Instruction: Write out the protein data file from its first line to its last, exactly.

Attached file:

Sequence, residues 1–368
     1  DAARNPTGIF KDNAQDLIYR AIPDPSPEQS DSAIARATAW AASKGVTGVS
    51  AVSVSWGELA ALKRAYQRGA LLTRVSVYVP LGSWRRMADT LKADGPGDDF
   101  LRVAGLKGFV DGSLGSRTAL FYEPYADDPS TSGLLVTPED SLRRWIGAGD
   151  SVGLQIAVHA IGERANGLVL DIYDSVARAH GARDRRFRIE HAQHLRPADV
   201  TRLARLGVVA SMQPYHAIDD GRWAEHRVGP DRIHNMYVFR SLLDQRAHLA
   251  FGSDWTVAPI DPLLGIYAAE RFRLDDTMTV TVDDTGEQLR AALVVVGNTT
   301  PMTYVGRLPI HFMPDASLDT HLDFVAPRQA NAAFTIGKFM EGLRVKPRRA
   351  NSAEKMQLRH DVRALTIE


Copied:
Sequence, residues 1–368
     1  DAARNPTGIF KDNAQDLIYR AIPDPSPEQS DSAIARATAW AASKGVTGVS
    51  AVSVSWGELA ALKRAYQRGA LLTRVSVYVP LGSWRRMADT LKADGPGDDF
   101  LRVAGLKGFV DGSLGSRTAL FYEPYADDPS TSGLLVTPED SLRRWIGAGD
   151  SVGLQIAVHA IGERANGLVL DIYDSVARAH GARDRRFRIE HAQHLRPADV
   201  TRLARLGVVA SMQPYHAIDD GRWAEHRVGP DRIHNMYVFR SLLDQRAHLA
   251  FGSDWTVAPI DPLLGIYAAE RFRLDDTMTV TVDDTGEQLR AALVVVGNTT
   301  PMTYVGRLPI HFMPDASLDT HLDFVAPRQA NAAFTIGKFM EGLRVKPRRA
   351  NSAEKMQLRH DVRALTIE